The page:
The Chancellor may not be penalising self-employed late tax returns, but the mortgage market might…
From our experience, self-employed clients generally expect to have a hard time acquiring mortgage finance, but this is not normally the case.
Income-checking methods such as using salary and dividends or share of net profit can be used, which can provide different results, therefore maximising affordability for a particular client with a certain lender.
Certain lenders may also work off last year’s figures or an average of the last 2-3 years’ figures.
This may be provided via self-assessment tax calculations or company accounts.
Again, we can check to see which provides the more suitable results for a particular lender.
So what’s changed?
At present, the most up-to-date proof of income for self-employed clients tends to be the 2020 tax calculation.
However, this shows income earned before the pandemic, and as so much has happened since this date, it’s difficult to get a good indication of current earnings and how the pandemic may have affected the business.
In the wake of the coronavirus pandemic, additional questions about how COVID may have affected the business can help, and lenders are more frequently asking to see business bank statements to back up residential lending applications.
Figures are not set in stone, though, and unless lenders have HMRC confirmed proof of income, they cannot base a lending decision on it.
How has the market reacted?
We have started to see lenders restrict their maximum loan-to-value lending for the self-employed.
This includes sole traders, limited company directors, and partners in firms – essentially, anyone who submits a tax return for their income.
Santander, for example, has limited the maximum they will lend to 60%, TSB has limited lending to 75% and Nationwide is at 85% loan-to-value whilst other lenders are restricting their income multiples for the self-employed.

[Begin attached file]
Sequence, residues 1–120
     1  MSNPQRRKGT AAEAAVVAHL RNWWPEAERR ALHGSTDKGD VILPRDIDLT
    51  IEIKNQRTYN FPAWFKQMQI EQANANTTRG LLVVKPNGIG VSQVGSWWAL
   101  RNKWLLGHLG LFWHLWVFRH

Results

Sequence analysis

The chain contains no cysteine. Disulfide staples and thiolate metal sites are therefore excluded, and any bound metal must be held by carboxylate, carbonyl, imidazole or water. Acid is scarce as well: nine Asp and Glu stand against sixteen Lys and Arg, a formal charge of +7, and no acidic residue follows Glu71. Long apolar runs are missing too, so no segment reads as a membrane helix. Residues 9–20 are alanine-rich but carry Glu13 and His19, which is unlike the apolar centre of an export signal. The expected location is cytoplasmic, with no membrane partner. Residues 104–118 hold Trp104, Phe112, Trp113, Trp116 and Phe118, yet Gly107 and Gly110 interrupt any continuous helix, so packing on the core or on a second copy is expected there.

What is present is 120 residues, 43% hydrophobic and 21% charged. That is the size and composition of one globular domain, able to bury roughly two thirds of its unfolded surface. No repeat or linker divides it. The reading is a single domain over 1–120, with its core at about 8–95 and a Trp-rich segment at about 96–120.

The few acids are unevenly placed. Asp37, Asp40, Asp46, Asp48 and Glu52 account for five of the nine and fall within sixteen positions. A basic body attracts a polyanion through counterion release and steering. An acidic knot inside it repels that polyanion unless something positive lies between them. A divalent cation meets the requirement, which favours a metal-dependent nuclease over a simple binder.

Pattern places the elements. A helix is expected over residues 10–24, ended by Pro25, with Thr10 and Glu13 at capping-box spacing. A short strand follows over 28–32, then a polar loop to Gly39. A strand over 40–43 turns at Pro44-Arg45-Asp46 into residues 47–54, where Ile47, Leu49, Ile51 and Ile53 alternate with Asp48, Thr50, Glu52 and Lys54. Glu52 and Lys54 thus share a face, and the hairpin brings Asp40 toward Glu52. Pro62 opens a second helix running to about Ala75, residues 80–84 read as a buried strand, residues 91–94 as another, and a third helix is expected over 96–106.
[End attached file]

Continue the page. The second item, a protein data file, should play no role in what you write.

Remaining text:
As an example, Halifax now limits lending at 4.49 times income for anyone with an element of self-employed income.
There are still options for borrowing up to 90% for the self-employed, so don’t despair, just have your necessary information available.
Ideally, two years of tax calculations and corresponding tax year overviews, two years of accounts, a projection or management accounts for the current year and six months of business bank statements.
We will need to ask questions about COVID and how it has impacted your business, such as:
- Have your staff been furloughed?
- If you are a sole trader, have you taken the SEISS government grant?
- If yes, did you use the grant, or is it still in the bank?
- What is your plan for the business in 2021?
- Can the business survive future potential lockdowns?
With this detail we can build a proposal for the lender and present the application in the correct manner.
Lenders are still lending to self-employed clients, but the self-employed are under much greater scrutiny, and using a broker is almost a necessity in the current lending climate.